Why Did BMI Go To Court To Set RMLC Rates?


RMLCThe Radio Music License Committee (RMLC) has started the new year with a new battle on its hands.

BMI is to thank.

The songwriters rights and royalties organization on Tuesday (1/3) filed an action in Federal Rate Court to set interim fees for radio stations represented by the RMLC while the two parties negotiate the terms of a new five-year deal beginning this year.

At issue is an interim rate that both the RMLC and BMI can agree on.

According to BMI, the RMLC has proposed an interim rate well below BMI’s previous deal, “the effect of which would have a significant impact on the royalties BMI pays to its songwriters, composers and music publishers,” the rights organization claims.

BMI further argues that the RMLC “has justified its proposed rate based upon incomplete and incorrect information regarding BMI’s radio performances. BMI disagrees fundamentally with the RMLC’s proposal and, consistent with past practices, is asking the court to maintain its most recent rate while new terms are negotiated.”

The terms of the previous final agreement between BMI and RMLC stations included a rate of 1.7% of each licensee’s gross revenue and a corresponding reduced rate applicable to talk format stations that have a Per Program License.

RMLC wants the rate reduced to 1.4% of each licensee’s gross revenue. “The RMLC can point to no changed circumstances that warrant a reduction in BMI’s interim or final rate,” BMI argues in a filing made Jan. 3 with U.S. District Court for the Southern District of New York. “Indeed, since entering into the last license, RMLC station music use, particularly via new media, has exploded, warranting an increase, not decrease in rates. Moreover, the RMLC’s interim rate proposal is inconsistent with the RMLC’s recently announced final license agreement with the American Society of Composers, Authors & Publishers (ASCAP), which increased the rates payable to ASCAP as of Jan. 1, 2017.”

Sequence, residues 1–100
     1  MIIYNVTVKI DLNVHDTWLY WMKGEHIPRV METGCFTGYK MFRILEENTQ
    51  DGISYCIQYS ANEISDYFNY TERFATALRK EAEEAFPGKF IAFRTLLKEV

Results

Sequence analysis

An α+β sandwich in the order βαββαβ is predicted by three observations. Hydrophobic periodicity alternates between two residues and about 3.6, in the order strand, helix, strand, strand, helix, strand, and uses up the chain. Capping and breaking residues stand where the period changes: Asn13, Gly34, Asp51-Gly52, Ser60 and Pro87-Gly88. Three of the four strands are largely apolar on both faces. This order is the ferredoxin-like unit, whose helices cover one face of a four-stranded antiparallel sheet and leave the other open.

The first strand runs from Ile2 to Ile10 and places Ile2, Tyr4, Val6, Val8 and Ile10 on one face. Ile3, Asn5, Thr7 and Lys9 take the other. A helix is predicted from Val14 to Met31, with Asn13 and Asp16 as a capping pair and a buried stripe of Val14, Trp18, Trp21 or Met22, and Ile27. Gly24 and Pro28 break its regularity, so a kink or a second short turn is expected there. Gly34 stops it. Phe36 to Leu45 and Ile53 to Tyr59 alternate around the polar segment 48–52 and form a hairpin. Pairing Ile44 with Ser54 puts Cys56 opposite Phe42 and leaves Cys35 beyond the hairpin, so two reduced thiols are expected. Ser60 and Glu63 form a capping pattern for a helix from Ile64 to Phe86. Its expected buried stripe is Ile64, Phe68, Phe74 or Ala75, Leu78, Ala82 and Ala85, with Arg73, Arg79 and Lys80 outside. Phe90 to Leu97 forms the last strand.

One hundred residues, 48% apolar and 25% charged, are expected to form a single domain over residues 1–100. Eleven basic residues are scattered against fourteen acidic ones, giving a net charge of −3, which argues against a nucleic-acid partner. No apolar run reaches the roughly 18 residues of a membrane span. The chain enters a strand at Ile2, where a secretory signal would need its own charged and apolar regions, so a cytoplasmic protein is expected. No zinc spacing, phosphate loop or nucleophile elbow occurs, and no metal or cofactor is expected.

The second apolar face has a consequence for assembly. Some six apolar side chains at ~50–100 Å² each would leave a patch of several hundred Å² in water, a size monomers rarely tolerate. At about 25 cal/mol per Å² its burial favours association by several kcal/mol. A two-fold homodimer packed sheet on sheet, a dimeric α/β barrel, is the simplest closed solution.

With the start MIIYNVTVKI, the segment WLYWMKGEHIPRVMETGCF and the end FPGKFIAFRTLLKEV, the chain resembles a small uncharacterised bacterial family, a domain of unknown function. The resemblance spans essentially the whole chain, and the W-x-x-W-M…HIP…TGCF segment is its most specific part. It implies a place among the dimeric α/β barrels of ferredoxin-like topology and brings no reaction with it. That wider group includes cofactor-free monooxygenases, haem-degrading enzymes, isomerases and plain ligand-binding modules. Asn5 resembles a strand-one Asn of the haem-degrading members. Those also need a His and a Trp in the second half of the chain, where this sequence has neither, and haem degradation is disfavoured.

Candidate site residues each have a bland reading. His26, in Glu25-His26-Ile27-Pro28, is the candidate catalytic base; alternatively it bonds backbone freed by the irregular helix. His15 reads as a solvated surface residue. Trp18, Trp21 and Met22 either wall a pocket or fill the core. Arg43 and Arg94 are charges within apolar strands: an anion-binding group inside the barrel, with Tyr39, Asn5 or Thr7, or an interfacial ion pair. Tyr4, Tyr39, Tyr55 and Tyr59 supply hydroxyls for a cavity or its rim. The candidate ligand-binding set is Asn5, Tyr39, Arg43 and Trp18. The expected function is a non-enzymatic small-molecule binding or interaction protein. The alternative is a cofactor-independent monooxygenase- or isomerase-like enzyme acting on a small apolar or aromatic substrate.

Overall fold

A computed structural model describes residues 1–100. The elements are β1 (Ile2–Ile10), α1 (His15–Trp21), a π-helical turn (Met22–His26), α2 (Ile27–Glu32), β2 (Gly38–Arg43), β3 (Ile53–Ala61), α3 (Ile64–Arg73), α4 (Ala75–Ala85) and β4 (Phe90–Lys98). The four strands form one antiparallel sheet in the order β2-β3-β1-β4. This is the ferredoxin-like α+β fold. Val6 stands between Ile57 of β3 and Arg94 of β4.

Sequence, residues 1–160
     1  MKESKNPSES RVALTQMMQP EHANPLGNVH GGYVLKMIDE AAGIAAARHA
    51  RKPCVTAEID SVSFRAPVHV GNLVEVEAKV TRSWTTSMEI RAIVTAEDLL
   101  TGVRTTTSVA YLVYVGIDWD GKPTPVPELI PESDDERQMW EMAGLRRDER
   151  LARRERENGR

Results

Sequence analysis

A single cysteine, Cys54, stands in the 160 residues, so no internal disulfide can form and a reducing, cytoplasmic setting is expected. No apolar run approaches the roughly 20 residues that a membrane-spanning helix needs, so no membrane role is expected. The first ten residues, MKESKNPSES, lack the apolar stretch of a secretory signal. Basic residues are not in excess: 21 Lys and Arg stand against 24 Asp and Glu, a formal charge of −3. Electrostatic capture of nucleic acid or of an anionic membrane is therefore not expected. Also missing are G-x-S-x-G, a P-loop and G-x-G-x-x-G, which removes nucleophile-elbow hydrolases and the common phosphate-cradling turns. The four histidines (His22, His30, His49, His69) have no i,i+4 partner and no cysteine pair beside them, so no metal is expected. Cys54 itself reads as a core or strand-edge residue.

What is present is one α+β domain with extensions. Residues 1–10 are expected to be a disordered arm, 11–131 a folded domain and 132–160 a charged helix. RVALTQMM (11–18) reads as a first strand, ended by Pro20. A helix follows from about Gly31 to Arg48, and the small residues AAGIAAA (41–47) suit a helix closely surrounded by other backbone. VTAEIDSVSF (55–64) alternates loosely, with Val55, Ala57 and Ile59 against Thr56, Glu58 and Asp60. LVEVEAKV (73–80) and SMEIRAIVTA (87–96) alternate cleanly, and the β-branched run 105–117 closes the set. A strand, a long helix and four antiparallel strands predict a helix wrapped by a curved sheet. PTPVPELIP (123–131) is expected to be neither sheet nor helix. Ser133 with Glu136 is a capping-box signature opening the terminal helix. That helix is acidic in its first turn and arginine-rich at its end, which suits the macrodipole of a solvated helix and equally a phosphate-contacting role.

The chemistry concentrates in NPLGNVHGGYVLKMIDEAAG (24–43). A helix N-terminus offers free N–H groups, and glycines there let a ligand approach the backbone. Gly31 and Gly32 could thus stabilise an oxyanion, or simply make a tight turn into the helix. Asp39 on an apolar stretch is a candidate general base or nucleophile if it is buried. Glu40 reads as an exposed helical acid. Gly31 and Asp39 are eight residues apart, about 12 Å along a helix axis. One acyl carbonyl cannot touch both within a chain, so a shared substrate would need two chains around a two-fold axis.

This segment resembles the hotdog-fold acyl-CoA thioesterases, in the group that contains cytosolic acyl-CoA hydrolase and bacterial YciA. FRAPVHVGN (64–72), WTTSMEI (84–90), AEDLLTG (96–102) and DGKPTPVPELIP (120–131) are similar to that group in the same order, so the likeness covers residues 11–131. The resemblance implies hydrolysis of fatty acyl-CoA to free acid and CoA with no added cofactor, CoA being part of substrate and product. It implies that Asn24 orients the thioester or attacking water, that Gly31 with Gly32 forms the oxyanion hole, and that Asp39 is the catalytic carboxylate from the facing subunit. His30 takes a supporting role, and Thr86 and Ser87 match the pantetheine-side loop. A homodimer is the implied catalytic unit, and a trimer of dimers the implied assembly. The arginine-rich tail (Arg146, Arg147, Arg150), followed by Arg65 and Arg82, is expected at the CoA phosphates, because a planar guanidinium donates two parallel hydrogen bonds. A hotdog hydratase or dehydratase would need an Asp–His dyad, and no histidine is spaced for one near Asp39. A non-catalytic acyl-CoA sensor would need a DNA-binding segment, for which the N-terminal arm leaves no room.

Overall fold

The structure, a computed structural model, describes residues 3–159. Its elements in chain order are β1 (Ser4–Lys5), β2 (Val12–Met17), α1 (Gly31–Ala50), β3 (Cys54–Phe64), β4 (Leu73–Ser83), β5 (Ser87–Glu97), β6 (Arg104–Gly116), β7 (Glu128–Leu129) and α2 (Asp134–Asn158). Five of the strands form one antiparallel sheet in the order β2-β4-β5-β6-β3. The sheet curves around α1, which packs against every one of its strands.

Rates were increased from 1.7% of each licensee’s gross revenue, BMI points out. The new terms of ASCAP’s deal with RMLC have not been disclosed.

Mike Steinberg, BMI’s SVP/Licensing, said, “We attempted to negotiate in good faith with the RMLC for many months, and just before the end of the year, the RMLC presented an interim rate that significantly undervalues the work of BMI’s songwriters. Given the unmatched caliber of BMI’s repertoire, our superior market share on radio, and the ever-increasing value that BMI music brings to the radio industry across all its platforms, we believe the RMLC’s proposal falls well short of what is in the best interests of our affiliates.”

BMI is represented by a group of attorneys from Milbank, Tweed, Hadley & McCloy LLP.

RMLC did not immediately respond to a request for comment from RBR + TVBR.